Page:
“This deal is getting worse all the time. “
Lando Calrissian’s statement about his arrangement with Darth Vader could well be on the minds of theater owners, given that they reportedly have to hand over a record 65 percent of the ticket take from The Last Jedi to Disney.
The contract to run the latest Star Wars film, which lands everywhere in just six weeks, also ups Disney’s take to 70 percent if the theater puts a foot wrong on a number of counts, according to a Wall Street Journal report.
U.S. theater owners are required to run the movie for four weeks without skipping a single screening if they want to avoid that penalty. They also have to run specific marketing promotions for the film exactly when Disney wants, and not a day early.
It’s an unusual clause, both in its duration (two weeks is more common for hit Disney movies) and its level of punishment — 5 percent of the Last Jedi gross could make the difference between profit and loss for many theaters.
Other blockbuster movies might give at most a 60 percent take to the studio, and even then the theater would usually get more after the first week or so. Internationally, a 40 percent cut is more common.
The Mouse House can issue these demands, of course, because it’s holding all the cards. While ticket sales for most movies are down across the board this year, Disney subsidiaries Marvel and Lucasfilm are turning out reliable hit after reliable hit.
And this isn’t the first time the promise of a Star Wars movie has been used as leverage with theaters. In 2002, George Lucas insisted theaters would have to install digital projectors if they wanted to screen Episode II. When 20th Century Fox distributed the original movie in 1977, theaters were forced to screen another Fox film, The Other Side of Midnight, if they wanted Star Wars. (Before the movie became a surprise hit, Fox insisted on the same deal in reverse: If theaters wanted Midnight, they had to agree to screen Star Wars.)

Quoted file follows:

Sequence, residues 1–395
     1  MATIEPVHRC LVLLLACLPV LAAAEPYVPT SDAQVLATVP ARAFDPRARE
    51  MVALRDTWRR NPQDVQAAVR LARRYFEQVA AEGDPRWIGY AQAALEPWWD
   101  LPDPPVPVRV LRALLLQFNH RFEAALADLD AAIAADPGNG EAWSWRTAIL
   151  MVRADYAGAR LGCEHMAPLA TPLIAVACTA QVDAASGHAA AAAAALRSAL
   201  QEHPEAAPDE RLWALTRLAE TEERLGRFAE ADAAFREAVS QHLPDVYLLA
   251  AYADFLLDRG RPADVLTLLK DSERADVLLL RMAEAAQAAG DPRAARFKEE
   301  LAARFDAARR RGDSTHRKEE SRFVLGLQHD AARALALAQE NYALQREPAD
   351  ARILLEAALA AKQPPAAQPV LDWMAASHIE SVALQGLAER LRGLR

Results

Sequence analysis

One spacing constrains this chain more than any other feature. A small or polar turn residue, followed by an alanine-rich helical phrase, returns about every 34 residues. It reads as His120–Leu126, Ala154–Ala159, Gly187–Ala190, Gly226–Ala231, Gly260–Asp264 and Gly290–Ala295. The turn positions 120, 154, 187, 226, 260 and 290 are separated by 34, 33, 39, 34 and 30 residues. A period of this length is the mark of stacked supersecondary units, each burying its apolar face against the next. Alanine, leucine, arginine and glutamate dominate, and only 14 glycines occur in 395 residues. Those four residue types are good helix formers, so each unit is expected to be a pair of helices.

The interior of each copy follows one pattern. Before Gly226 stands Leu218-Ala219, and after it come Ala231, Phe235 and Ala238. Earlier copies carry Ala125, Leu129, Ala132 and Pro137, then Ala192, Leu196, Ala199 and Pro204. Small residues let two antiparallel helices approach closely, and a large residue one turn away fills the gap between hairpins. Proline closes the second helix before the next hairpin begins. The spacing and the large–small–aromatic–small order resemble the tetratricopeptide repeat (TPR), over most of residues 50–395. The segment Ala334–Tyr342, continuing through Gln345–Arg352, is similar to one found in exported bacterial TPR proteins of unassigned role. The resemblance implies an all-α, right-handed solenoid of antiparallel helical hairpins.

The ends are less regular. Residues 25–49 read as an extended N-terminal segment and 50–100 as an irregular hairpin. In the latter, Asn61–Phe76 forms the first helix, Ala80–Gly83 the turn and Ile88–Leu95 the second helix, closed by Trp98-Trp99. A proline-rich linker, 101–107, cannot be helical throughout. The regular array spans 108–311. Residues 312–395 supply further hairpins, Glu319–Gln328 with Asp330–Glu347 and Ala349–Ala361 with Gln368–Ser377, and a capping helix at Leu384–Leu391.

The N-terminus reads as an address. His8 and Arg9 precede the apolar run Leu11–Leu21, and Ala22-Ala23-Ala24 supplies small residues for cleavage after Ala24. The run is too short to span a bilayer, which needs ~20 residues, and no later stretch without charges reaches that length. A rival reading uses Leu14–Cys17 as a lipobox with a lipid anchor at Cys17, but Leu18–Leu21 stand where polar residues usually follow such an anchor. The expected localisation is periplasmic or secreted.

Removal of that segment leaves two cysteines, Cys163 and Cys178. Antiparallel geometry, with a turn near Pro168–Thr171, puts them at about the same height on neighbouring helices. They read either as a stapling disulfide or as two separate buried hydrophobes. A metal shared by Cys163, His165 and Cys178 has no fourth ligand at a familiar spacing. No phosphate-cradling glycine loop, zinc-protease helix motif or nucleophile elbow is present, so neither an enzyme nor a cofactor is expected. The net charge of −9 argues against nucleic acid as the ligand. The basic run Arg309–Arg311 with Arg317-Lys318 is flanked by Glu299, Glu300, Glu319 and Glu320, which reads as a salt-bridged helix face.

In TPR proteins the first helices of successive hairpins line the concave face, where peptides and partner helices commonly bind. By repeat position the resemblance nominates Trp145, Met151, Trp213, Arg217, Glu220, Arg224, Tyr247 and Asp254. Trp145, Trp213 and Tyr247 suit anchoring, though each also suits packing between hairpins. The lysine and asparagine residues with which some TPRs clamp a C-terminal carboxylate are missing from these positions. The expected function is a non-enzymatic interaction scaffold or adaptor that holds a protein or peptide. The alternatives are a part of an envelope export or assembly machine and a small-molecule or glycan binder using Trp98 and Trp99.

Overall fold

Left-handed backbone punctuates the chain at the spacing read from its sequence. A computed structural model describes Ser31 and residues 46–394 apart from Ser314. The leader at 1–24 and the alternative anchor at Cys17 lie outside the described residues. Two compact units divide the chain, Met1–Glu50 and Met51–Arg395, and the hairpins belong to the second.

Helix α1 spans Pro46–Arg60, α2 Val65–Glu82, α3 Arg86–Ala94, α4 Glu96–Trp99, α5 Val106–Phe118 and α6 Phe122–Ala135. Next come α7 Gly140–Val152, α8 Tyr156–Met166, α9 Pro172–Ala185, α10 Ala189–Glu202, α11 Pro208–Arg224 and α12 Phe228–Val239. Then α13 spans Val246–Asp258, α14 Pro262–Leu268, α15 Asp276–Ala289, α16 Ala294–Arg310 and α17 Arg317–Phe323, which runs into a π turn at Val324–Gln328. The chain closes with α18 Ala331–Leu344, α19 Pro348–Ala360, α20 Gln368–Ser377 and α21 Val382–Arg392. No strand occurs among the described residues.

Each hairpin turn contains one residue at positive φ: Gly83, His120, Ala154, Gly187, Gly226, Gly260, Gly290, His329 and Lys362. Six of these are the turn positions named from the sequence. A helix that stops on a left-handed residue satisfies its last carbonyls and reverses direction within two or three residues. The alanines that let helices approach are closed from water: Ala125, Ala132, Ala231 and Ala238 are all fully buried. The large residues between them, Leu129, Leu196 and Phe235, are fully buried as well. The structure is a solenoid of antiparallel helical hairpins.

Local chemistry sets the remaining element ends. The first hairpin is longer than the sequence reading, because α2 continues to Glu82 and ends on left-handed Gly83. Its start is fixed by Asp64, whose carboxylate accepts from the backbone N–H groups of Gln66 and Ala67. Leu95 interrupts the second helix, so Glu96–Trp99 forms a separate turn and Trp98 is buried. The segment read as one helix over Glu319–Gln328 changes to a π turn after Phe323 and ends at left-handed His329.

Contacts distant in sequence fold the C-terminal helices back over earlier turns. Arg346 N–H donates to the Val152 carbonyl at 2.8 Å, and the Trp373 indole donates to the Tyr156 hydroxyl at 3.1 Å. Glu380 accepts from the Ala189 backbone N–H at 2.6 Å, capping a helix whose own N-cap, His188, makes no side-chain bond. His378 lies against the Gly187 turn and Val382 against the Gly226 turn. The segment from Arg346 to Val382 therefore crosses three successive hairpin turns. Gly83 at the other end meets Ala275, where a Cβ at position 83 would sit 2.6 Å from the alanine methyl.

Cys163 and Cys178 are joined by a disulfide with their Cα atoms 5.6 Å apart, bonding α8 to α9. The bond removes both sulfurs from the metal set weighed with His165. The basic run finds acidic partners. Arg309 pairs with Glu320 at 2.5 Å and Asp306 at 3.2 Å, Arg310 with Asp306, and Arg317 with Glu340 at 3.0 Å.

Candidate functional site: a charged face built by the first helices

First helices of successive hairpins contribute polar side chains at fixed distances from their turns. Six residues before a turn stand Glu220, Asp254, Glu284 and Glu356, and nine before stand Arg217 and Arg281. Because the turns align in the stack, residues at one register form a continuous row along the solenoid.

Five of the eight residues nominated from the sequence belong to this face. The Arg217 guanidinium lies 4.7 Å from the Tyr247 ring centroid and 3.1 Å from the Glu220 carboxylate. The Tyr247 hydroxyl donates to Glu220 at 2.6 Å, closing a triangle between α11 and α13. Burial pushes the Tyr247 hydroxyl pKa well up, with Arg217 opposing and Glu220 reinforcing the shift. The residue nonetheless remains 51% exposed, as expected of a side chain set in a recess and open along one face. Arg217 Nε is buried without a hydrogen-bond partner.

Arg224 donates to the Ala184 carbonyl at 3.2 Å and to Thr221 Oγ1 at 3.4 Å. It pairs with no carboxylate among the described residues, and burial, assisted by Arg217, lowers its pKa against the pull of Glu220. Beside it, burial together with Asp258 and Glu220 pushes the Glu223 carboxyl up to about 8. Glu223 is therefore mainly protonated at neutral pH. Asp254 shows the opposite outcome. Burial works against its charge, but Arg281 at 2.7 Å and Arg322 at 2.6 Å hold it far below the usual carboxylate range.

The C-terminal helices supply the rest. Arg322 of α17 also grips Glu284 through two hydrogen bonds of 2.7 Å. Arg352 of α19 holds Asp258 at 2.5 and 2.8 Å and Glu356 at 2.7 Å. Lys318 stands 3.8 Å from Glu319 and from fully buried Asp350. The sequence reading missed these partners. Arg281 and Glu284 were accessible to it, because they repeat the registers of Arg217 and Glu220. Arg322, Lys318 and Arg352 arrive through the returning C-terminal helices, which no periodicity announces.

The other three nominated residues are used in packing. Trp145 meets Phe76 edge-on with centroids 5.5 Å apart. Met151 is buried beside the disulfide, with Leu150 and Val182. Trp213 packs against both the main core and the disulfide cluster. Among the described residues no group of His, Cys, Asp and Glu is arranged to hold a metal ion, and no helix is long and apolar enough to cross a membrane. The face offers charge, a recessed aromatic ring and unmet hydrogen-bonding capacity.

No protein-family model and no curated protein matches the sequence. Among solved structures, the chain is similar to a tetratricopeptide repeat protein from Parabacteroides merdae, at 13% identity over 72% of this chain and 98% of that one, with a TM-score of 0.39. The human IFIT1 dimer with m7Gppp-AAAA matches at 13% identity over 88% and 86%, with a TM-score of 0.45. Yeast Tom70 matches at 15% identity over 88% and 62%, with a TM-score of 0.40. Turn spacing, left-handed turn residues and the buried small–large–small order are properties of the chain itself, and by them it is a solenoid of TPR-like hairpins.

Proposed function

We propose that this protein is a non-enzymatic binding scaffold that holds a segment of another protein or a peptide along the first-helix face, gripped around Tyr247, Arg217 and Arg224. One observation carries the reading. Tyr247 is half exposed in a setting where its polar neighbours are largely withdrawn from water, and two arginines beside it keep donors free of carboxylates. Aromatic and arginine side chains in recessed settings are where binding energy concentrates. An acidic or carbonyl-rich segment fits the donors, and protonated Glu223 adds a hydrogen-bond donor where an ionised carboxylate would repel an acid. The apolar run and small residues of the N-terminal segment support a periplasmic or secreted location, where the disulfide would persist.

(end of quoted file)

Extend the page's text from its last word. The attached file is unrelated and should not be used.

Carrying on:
But in particular, The Last Jedi is likely to be a tentpole movie that makes other films look like, well, child’s play. Its predecessor, The Force Awakens, became the top grossing film of all time in the U.S. within the first three weeks of its release.
By the end of its run, The Force Awakens had grossed an incredible $937 million in American theaters and another $1.1 billion around the world. It was seen on more than 4,000 screens in the U.S., and some theaters kept showing the film until June 2016. Not bad, considering it opened in December 2015. If The Last Jedi does that kind of business, it will change a lot of bottom lines for a lot of multiplexes.
Put it like that, and Disney’s terms seem a little less onerous. Still, the Journal spoke to theater owners in smaller markets who said the economics of the deal just didn’t make sense for them, and they would not sign on for The Last Jedi. Why screen a movie for four weeks if everyone in your tiny town will have already seen it after week 2?
These are the breaks when you deal with an empire the size of Disney. They have altered the bargain, theater owners. Pray they do not alter it any further.